With a little more thought and effort you could probably utilize these and others in your network for additional job search assistance
Most of Us Used Our Contacts in High School and College When We Wanted to Be Introduced to a Person We Wished to Date
Everybody has a network. In fact, if we think back to our high school or college days, this is very similar to the times when we saw someone who we wished to know romantically and turned to friends who knew that person to arrange an introduction.
This was networking. However, many either don’t think to use the circle of people they know for job seeking or, except for a small group of close friends and family, don’t maintain the information necessary to identify and contact the people who could be of help in their job search.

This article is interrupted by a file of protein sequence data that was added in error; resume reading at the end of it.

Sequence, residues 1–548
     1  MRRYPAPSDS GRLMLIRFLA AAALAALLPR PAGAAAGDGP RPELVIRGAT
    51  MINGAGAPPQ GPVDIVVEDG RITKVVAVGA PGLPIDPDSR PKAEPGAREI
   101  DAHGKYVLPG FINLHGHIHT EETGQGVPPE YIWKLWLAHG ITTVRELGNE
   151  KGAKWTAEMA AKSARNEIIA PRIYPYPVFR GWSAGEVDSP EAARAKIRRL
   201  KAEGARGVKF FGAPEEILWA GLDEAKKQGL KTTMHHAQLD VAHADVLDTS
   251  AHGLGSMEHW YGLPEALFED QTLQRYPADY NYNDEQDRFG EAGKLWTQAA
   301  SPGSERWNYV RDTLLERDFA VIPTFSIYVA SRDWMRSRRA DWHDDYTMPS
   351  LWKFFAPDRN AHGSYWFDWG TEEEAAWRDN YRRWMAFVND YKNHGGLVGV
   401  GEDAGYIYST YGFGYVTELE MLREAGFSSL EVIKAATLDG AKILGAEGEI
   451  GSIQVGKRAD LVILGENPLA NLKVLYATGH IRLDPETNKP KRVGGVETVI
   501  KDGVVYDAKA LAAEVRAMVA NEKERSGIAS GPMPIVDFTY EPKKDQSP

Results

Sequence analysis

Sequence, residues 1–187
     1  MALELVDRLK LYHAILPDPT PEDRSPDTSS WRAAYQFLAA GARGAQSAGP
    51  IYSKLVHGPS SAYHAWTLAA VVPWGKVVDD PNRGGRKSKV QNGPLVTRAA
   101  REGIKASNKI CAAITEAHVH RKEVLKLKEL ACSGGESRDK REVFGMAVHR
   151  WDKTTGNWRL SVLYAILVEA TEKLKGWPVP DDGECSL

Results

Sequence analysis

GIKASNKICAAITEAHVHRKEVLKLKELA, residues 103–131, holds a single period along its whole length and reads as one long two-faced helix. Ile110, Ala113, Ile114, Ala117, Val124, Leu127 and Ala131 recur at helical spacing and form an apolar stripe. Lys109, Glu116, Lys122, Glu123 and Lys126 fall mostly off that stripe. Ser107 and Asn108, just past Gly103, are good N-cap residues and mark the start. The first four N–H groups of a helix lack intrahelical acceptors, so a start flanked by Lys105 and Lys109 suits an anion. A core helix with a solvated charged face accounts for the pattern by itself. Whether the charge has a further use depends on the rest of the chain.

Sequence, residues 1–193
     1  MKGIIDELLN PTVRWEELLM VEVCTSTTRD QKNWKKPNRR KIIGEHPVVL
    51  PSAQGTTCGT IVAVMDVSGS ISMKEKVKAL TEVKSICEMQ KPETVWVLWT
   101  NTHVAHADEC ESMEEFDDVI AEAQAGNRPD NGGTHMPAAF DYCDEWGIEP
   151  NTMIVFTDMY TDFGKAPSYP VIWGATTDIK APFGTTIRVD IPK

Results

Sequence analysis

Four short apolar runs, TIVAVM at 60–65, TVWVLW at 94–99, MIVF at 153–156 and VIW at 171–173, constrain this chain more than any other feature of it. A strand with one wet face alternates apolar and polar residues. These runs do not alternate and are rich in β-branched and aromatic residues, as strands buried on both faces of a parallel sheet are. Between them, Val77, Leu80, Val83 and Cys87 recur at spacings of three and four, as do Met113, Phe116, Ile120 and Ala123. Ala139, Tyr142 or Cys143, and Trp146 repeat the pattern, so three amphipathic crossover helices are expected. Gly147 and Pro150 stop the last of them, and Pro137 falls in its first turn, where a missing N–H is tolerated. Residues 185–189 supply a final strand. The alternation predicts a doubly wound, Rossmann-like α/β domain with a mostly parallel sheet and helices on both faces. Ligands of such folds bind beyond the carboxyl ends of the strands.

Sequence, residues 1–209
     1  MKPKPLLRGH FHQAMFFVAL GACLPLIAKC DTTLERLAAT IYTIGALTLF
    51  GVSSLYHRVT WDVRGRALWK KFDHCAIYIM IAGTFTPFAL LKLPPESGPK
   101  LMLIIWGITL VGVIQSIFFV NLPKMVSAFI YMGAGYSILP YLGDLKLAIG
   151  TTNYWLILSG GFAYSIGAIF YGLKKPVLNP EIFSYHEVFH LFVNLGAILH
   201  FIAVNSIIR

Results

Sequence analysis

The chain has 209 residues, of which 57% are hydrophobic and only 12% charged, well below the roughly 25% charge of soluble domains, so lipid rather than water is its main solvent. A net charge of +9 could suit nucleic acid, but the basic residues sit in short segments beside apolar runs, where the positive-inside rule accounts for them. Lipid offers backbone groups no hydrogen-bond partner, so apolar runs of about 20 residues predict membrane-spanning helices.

The time, of course, to begin keeping track of people and keeping in contact with them is before you lose your job. However, this can still be done after losing your job. Simply take some time to sit down and begin writing down names of everyone you know or have done business with in the past and begin looking for them.
There will be some whom you are in contact with regularly and simply asking them for assistance in finding and contacting others will both let these people know that you are looking for work as well obtaining contact information for other mutual acquaintances who can be of help. They may even introduce you to new people, who they know but you don’t, who can help you with job leads.
Maintaining Your Network